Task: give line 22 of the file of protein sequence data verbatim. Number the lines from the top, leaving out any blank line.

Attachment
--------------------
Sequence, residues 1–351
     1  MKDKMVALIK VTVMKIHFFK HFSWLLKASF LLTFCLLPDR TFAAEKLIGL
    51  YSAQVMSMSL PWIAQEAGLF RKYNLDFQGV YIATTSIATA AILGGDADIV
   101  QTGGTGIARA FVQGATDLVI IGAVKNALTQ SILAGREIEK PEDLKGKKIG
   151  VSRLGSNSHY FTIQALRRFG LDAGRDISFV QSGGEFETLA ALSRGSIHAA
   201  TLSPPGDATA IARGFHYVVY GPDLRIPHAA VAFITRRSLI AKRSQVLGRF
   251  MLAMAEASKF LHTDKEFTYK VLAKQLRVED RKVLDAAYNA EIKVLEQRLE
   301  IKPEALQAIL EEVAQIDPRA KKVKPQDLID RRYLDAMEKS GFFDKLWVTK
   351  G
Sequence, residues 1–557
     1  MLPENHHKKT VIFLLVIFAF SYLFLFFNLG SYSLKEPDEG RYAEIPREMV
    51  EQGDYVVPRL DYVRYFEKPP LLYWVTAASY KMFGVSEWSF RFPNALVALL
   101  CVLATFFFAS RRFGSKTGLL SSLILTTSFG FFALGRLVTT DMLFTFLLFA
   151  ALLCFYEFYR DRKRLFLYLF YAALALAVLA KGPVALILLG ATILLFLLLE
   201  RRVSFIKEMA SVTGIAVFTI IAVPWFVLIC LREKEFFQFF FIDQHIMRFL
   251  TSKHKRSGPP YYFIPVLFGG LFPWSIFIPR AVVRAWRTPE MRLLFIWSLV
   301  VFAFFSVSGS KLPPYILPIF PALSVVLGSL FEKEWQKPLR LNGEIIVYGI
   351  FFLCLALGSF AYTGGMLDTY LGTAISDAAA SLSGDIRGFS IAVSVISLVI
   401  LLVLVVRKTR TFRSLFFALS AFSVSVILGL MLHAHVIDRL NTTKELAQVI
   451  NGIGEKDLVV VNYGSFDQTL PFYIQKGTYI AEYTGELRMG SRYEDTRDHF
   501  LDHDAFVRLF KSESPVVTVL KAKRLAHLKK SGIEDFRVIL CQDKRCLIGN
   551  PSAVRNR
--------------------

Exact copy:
   551  PSAVRNR